Food & Drink
Wales has worked hard to earn itself a place on the gastronomic map so visitors can look forward to more exciting options on the menu than Welsh rarebit (tasty though that is). Many restaurants use Welsh ingredients such as sea trout and organic salt marsh lamb rather than serve dedicated Welsh dishes. Eighteen different cultures are represented in the eating houses in central Cardiff.
Le Cassoulet (5, Romilly Crescent, Cardiff. Tel: 01222 221905) offers exquisite French cuisine in an informal setting and the owner, Gilbert Viader, is charming. Expect to pay pounds 50 per head for a three-course meal and wine.
Chikako's (10-11 Mill Lane, city centre. Tel: 01222 665279) is run by the eponymous Chikako and has the distinction of being Cardiff's only Japanese restaurant.The food is great (especially the dishes cooked at your table) but Chikako is the biggest treat - like Nancy Lam without the attitude. Three courses with wine cost around pounds 30 per person.
Celtic Cauldron (47-49 Castle Arcade, City Centre. Tel: 01222 387185) is situated in one of the most attractive arcades in the city. This wholefood restaurant serves traditional Welsh dishes such as Glamorganshire sausage made from leeks, Caerphilly cheese and parsley. A light lunch and glass of wine costs only pounds 6.
The Thai House, (3/4 Guildford Crescent, Churchill way, Cardiff. Tel: 01222 387404) serves delectable food in bright and airy surroundings. A two-course set menu for two people costs pounds 31.95 without drinks.
Brava (Pontcanna Street, Cardiff. Tel: 01222 371929) is a lively up- beat cafe bar which serves excellent food. On a sunny day you can relax over an espresso at the pavement tables. Two courses and a glass of wine shouldn't cost much more than pounds 10-pounds 12.
Blas ar Gymru (A Taste of Wales) Restaurant (48, Crwys Road, Cathays, Tel: 01222 382132) has been described as heaven for Americans searching for a nugget of old Wales. It's not funky, but if you like traditional furniture covered in Welsh tweed and gargantuan portions, then come here. A three course meal with wine costs in the region of pounds 30 per head.
Bar Essential (33 Windsor Place, Cardiff. Tel: 01222 383762) is situated in an attractive Georgian side street and is a chic little joint which attracts local trendies. Two courses and a glass of wine cost pounds 10-pounds 12 per head.
The Greenhouse (38 Woodville Road, Cathys. Tel: 01222 235731) specialises in vegetarian and seafood dishes. Two courses cost pounds 8.50.
For a comprehensive guide to clubs, gigs, pubs, theatre and film check out The Big Issue Cymru (Wales), Buzz Magazine and the local papers South Wales Echo and the Western Mail.
The startling success of Welsh bands such as Catatonia, the Manic Street Preachers and the Stereophonics has helped give Cardiff some cred as a "happening" place. There is certainly enough going on for the place to warrant its capital city status. Most big name rock stars - Rolling Stones, U2, Bob Dylan, Oasis - include Cardiff on their itinerary and the city is also home to the internationally renowned Welsh National Opera.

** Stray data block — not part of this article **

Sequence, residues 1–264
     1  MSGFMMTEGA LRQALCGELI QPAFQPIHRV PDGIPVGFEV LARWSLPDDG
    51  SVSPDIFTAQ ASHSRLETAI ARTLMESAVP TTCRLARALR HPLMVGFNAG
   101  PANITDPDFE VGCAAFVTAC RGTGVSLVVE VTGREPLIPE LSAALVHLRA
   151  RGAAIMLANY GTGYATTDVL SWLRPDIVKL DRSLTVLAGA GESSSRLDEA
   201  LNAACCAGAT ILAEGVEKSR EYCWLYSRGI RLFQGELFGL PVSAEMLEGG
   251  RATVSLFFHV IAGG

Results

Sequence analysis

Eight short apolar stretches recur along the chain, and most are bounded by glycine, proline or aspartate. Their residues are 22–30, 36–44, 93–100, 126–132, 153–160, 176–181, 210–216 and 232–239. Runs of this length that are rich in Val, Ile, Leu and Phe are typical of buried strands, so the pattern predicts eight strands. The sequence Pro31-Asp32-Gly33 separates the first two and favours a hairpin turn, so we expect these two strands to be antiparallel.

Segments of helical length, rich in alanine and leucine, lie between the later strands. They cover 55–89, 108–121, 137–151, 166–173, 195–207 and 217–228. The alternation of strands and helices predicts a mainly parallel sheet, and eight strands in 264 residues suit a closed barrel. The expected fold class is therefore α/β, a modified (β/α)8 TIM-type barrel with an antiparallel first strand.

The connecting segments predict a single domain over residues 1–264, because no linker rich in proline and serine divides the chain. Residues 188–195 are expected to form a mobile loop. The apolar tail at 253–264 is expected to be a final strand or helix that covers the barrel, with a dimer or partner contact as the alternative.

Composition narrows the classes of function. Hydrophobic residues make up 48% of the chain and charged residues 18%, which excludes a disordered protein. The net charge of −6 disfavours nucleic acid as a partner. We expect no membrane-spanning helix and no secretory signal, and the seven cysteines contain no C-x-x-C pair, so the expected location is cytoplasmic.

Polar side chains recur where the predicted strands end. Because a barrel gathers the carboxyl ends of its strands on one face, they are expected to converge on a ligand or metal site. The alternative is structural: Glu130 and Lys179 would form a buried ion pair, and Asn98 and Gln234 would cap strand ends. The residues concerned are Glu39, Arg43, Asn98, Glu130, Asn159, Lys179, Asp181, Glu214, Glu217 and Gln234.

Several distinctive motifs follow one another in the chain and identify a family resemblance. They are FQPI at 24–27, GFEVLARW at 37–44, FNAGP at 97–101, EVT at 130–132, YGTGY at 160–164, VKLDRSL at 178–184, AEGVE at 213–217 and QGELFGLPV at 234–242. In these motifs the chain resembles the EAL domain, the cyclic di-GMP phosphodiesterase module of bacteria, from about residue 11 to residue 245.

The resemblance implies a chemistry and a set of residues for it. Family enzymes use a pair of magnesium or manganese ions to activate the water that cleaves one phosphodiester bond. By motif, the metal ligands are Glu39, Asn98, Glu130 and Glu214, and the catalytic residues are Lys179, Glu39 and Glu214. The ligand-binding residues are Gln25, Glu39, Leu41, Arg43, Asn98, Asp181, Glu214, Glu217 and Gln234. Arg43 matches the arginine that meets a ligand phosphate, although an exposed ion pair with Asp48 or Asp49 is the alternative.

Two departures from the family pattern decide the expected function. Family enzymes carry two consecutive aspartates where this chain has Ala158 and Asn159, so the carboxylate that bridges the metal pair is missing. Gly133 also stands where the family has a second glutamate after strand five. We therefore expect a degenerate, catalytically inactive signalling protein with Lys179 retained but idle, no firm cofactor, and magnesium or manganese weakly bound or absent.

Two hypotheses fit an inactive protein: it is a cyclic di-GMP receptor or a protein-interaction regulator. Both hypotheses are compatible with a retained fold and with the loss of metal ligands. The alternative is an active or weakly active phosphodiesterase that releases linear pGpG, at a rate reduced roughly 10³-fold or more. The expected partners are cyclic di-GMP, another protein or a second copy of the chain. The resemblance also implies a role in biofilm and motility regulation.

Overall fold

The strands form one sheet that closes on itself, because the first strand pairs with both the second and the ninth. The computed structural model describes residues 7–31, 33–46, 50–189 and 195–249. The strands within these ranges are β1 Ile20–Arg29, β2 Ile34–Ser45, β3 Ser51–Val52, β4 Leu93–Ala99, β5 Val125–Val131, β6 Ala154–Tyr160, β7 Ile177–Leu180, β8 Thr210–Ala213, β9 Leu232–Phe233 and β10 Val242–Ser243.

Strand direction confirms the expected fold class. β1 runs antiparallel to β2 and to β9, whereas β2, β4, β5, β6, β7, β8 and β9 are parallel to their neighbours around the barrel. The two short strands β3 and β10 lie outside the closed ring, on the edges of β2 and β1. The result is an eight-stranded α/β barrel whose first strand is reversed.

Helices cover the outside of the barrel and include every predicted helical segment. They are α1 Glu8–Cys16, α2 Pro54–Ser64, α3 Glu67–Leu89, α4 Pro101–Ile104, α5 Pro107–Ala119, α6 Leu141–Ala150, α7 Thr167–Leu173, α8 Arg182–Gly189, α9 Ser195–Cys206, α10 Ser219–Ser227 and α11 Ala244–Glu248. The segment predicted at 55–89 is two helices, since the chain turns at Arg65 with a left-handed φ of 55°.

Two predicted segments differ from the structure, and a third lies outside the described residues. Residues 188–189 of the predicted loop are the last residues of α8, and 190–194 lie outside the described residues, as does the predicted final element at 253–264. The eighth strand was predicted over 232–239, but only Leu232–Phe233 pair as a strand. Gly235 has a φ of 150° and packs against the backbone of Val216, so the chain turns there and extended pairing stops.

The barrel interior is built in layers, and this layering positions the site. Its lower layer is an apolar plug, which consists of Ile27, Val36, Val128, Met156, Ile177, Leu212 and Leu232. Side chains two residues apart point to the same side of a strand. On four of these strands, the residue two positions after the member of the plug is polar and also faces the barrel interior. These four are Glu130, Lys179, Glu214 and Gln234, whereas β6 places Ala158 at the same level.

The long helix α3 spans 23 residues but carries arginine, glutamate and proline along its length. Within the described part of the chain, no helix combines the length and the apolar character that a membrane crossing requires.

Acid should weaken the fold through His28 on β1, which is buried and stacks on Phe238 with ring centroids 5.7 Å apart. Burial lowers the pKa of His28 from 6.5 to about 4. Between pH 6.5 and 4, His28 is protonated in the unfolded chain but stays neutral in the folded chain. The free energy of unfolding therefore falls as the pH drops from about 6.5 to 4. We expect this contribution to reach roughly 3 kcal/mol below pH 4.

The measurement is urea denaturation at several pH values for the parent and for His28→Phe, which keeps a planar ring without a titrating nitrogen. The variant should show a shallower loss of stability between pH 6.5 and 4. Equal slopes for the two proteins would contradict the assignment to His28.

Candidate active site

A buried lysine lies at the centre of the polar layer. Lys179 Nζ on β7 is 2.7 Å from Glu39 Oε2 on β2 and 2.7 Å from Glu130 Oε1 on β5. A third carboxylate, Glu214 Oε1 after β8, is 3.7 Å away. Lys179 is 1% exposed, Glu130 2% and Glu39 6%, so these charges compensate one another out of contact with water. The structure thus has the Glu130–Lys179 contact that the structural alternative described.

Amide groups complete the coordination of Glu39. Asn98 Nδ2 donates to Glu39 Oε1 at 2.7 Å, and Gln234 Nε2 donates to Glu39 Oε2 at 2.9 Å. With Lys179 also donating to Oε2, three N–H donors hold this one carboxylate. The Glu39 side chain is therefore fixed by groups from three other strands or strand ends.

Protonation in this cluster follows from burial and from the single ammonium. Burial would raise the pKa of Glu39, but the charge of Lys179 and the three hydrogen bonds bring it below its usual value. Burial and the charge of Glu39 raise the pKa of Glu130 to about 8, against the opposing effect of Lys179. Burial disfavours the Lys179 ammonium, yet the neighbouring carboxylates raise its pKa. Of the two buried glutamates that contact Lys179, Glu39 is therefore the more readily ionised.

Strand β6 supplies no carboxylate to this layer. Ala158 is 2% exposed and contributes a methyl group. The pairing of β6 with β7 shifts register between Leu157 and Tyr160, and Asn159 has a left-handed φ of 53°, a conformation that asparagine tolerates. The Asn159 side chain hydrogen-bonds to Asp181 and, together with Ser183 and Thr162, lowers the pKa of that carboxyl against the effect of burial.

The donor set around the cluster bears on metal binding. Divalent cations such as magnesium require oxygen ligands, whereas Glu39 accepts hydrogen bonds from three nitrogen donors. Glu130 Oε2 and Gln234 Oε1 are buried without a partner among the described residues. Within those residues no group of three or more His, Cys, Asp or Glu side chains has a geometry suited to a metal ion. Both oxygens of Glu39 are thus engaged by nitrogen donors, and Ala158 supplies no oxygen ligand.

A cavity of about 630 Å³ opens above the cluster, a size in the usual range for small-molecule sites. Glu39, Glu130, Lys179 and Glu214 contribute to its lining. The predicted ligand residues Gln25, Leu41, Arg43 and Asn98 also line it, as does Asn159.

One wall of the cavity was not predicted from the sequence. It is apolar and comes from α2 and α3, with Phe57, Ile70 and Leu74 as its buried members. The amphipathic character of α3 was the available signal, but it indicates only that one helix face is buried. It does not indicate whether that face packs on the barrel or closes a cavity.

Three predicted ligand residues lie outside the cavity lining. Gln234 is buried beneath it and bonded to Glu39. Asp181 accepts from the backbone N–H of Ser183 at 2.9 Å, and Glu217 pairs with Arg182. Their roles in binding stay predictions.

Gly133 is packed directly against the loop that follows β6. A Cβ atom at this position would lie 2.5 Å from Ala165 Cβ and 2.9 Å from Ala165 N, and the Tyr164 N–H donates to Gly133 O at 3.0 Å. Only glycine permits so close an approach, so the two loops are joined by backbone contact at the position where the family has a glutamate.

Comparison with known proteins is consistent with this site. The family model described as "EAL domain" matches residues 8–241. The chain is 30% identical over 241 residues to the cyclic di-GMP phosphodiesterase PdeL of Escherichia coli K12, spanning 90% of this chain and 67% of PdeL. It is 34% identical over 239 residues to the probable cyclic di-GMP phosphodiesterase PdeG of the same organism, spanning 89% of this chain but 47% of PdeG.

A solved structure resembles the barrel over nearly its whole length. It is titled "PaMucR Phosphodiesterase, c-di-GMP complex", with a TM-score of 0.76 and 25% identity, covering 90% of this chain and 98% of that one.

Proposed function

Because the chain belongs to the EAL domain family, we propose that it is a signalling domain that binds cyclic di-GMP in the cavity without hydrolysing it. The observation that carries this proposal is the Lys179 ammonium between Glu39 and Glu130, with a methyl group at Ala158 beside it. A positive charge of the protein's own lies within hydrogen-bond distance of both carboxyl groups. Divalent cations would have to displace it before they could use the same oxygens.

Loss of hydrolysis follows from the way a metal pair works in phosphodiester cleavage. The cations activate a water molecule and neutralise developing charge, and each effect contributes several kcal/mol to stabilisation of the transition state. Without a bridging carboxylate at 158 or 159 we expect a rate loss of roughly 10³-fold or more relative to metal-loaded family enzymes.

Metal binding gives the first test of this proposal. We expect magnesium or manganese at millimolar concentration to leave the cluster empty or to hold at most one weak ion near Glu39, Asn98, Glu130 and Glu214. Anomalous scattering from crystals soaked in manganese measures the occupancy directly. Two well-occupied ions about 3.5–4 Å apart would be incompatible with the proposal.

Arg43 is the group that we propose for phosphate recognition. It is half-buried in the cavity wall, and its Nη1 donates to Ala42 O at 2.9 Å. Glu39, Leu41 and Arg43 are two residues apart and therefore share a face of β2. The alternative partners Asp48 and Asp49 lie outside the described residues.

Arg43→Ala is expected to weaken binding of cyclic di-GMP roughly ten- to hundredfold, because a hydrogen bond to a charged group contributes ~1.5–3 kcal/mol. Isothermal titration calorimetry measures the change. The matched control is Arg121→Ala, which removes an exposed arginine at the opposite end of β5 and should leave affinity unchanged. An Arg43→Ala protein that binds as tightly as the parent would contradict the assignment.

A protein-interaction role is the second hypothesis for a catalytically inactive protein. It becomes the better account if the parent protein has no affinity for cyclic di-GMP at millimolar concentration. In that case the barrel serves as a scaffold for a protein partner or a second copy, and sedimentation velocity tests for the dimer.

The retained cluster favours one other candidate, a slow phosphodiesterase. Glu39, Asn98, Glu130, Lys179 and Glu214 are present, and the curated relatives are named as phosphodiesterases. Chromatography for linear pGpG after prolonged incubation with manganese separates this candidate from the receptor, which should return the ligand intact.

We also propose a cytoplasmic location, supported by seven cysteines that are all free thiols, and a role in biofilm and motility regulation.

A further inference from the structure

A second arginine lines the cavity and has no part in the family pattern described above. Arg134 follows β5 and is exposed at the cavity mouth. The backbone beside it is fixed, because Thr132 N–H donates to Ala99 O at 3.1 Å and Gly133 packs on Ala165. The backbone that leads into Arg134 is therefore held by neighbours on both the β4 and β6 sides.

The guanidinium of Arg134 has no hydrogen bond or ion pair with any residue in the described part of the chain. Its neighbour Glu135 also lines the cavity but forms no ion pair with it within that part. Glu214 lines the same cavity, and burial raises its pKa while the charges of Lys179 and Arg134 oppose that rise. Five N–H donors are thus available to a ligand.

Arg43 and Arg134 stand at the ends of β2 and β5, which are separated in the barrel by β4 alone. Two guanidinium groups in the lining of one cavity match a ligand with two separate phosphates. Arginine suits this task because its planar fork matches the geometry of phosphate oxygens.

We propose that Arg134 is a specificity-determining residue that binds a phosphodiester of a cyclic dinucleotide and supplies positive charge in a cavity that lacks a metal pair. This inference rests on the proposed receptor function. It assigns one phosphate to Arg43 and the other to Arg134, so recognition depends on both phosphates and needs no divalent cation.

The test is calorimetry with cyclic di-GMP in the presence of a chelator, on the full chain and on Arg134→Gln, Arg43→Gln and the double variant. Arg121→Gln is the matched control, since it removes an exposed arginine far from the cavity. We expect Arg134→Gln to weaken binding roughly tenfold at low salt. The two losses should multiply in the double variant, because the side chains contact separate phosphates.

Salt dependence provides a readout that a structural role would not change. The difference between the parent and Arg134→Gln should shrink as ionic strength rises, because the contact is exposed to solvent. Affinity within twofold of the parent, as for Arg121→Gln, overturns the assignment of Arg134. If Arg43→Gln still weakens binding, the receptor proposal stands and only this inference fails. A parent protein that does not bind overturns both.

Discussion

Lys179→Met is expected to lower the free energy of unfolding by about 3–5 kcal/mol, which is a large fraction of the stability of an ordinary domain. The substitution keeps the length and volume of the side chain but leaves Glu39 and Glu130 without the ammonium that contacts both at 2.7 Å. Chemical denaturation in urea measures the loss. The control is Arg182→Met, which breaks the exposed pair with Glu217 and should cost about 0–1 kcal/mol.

Cardiff is well served for theatres. If you want conventional productions then the New Theatre is your venue, for something a bit more experimental try Chapter Arts Centre (its gallery has showcased work by Cornelia Parker and Orlan). The Sherman Theatre, St David's Hall is the place for classical concerts, many of which are broadcast live on Radio 3 (the venue also hosts the biennial Cardiff Singer of the World Competition) while Sandy's Bar has live jazz every night of the week.
Contemporary dance companies Earthfall and Diversions perform regularly in their home town, in between international tours.
Astonishingly, Cardiff hosts the biggest free arts festival in Europe (Tel: 01222 873936). It may not have the kudos of Edinburgh, but if you want entertainment without the ravening hordes you should come to Cardiff. Running from 17 July - 9 Augustit has some excellent events including street theatre, a comedy festival, a performance by Welsh National Opera, and three days of live music on the lawns of City Hall. One of the highlights is a Notting-Hill-style Mas carnival (previous guest artists include Benjamin Zephaniah who devised a dub chant for the procession to sway to). Making the costumes is a community affair and this year a Trinidadian costume maker will be on hand to oversee proceedings.
Further information is available from Wales Tourist Board on 01222 499909 or Cardiff Tourist Information on 01222 227281. They have an extensive selection of free guides which can be supplied. The Rough Guide to Wales (pounds 10.99) has a section on Cardiff and there is also Jarrold's Guide to the Welsh Capital City of Cardiff.Reuse content